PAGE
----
All because we are having a hysterical moment in American society. We believe children are in danger every single second they are unsupervised.
I learned this firsthand six years ago, when I let my 9-year-old ride the subway alone (we live in New York). I wrote a column about it. Two days later I found myself decried as “America’s worst mom” on the “Today” show, MSNBC, Fox News and NPR.
That weekend I started my Free-Range Kids blog to explain my philosophy. Obviously, I love safety: My kid wears a helmet, got strapped into a car seats, always wears his seat belt. But I don’t believe kids need a security detail every time they leave the house. When society thinks they do — and turns that fear into law — loving, rational parents get arrested.
Six years of daily letters from readers later, I know my work is only too necessary. Consider these examples:
Over the summer, a South Carolina mom who sent her 9-year-old to play in a popular park was arrested for not supervising her child. She was held overnight in jail, and her daughter spent 17 days as a ward of the state.
In the fall, an Austin, Tex., mom who let her 6-year-old play outside within view of the house was also visited by the cops and then child protective services. CPS interviewed her kids individually and even asked her 8-year-old daughter “if she had ever seen movies with people’s private parts,” the mom told me. “So my daughter, who didn’t know that things like that exist, does now. Thank you, CPS.”
Just this week, I got an e-mail from a mom in Maryland. She’d left her 10-year-old in the car, watching her 1-year-old, while she — the mom — ran into the grocery. Someone called the cops.
“I told him my daughter is responsible enough to watch her sleeping sister for 10 minutes, that I’ve never done it in the past but needed to get a few items, and [that] I didn’t want to wake her sister for that short a period of time,” she said. “He told me that a murderer that has never murdered anyone in the past doesn’t make him less of a murderer.”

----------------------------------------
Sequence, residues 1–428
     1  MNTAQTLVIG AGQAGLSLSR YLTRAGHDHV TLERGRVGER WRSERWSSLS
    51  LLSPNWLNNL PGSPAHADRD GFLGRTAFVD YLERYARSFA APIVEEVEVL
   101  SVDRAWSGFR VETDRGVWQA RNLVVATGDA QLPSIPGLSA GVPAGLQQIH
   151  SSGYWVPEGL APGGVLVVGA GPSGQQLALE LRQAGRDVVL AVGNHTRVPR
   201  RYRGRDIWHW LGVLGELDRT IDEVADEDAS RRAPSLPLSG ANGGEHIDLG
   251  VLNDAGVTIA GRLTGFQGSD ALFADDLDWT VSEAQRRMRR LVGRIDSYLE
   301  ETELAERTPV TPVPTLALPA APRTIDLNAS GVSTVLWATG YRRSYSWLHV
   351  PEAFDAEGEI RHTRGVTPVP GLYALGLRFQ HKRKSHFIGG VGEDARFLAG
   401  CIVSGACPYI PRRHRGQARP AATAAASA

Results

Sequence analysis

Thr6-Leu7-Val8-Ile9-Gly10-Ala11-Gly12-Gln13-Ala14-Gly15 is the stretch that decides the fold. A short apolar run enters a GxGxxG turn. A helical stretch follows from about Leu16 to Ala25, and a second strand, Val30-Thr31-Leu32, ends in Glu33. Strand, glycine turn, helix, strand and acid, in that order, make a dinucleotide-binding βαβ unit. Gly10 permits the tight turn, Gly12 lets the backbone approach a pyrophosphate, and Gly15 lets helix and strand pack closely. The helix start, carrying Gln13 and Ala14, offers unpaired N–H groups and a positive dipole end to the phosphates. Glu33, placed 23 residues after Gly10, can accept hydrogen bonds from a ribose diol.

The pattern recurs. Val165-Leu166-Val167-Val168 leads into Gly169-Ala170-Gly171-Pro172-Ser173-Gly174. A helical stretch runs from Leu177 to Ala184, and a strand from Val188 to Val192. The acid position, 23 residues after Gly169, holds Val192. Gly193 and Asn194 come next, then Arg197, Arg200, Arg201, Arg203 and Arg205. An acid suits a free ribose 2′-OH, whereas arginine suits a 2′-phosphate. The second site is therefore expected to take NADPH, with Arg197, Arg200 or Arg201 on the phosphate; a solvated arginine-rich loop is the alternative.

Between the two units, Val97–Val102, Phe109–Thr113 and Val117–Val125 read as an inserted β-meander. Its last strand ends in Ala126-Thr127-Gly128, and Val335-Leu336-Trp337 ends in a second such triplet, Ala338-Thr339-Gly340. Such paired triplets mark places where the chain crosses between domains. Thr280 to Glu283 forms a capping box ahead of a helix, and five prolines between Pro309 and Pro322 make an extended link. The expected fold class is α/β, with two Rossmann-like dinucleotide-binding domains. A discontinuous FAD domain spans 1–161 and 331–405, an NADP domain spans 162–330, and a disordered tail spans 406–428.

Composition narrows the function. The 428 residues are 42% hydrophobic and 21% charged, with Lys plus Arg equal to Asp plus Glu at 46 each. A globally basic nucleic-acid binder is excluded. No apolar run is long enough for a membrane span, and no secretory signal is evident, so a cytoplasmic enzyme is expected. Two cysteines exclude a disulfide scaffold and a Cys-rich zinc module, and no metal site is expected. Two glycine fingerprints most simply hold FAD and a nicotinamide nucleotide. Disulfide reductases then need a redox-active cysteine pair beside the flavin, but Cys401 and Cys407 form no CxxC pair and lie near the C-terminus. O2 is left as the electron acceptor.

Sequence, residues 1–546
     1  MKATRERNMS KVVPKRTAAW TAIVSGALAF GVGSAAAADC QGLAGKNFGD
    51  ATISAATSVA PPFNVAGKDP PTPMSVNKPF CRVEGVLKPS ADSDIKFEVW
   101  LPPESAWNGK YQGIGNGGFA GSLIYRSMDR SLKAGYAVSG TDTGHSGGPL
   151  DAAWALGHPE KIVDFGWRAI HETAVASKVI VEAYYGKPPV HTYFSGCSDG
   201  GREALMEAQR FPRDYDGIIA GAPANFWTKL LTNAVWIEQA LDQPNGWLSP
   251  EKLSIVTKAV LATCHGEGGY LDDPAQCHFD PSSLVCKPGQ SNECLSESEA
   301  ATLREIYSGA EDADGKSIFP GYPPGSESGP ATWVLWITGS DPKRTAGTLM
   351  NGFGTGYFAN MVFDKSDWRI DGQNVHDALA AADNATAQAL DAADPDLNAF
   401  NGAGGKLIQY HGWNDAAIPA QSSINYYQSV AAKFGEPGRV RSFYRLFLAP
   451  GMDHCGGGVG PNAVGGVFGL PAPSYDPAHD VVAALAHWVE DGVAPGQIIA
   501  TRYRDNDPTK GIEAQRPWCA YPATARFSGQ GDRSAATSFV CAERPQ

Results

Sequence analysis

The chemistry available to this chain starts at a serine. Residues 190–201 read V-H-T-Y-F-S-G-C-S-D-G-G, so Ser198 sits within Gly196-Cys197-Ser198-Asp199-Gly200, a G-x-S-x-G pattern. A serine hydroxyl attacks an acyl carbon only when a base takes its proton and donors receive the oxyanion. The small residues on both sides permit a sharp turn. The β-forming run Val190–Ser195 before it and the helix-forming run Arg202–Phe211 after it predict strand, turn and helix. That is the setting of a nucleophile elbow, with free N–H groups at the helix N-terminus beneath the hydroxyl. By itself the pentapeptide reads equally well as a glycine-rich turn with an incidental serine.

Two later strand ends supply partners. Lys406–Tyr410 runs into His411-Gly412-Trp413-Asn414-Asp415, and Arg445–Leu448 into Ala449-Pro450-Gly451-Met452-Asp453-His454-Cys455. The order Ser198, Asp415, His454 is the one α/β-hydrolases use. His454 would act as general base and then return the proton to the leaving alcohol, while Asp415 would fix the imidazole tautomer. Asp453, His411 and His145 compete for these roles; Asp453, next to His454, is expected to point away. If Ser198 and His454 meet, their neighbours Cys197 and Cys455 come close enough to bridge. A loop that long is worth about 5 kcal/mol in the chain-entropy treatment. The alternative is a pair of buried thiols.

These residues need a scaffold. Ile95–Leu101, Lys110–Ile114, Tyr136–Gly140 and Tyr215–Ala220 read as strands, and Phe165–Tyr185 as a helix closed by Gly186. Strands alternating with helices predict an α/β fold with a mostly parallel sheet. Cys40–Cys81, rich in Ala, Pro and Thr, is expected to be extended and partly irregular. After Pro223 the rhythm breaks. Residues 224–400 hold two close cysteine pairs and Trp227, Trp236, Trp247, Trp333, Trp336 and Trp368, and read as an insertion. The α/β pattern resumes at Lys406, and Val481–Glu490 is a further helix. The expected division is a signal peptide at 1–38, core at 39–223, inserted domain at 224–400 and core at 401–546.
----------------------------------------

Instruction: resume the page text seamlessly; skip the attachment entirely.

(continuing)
Look at that language. Murder. As if the mom had intentionally endangered her child’s life.
The authorities act as if these children are “lucky” they made it out alive. But the facts don’t bear that out. Childhood abduction is exceedingly rare. As of 1999, the latest year for which we have statistics, the number of American children abducted in what’s known as a “stereotypical kidnapping” was 115, according to the Department of Justice. Of those, 40 percent, or about 50, were killed in a country of 72 million children under age 18.
Sadly, children are in far more danger of being abused, kidnapped or killed by their parents than by any stranger on the street.
That’s why, when I interviewed Ernie Allen, then head of the National Center for Missing and Exploited Children, for my book, he told me, “We have been trying to debunk the myth of stranger danger.” He added that the safest kids are the ones with self-confidence.
Consider that word. It isn’t “parent-assisted-confidence.” To become street smart and self-reliant requires spending some time doing things on your own. Like walking home from the park, once your parents let you.
On my television show “World’s Worst Mom,” I try to help parents do just that. I take parents who are too afraid to let their kids play on the front lawn, or go to a public bathroom by themselves (at age 13!) and make them let go. Then I whisk the kids off to play in the woods or walk to the park.
When they come tumbling back, happy and hungry, the parents do something surprising: They grin. They’re so proud!
So, that is my prescription now for America, including — especially! — its cops and case workers: Instead of imagining the worst, send your kids out to do something you did at their age. You can even have them wait in the car a few minutes.
Reality will break through the terror. And maybe we’ll stop criminalizing the parents who love their kids and also let them go.